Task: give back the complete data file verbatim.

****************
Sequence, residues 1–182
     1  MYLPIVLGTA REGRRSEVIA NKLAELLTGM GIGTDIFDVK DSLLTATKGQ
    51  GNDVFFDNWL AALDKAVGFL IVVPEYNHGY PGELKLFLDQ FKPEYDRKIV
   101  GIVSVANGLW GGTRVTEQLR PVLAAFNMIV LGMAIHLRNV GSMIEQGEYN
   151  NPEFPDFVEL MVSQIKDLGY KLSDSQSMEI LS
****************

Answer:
Sequence, residues 1–182
     1  MYLPIVLGTA REGRRSEVIA NKLAELLTGM GIGTDIFDVK DSLLTATKGQ
    51  GNDVFFDNWL AALDKAVGFL IVVPEYNHGY PGELKLFLDQ FKPEYDRKIV
   101  GIVSVANGLW GGTRVTEQLR PVLAAFNMIV LGMAIHLRNV GSMIEQGEYN
   151  NPEFPDFVEL MVSQIKDLGY KLSDSQSMEI LS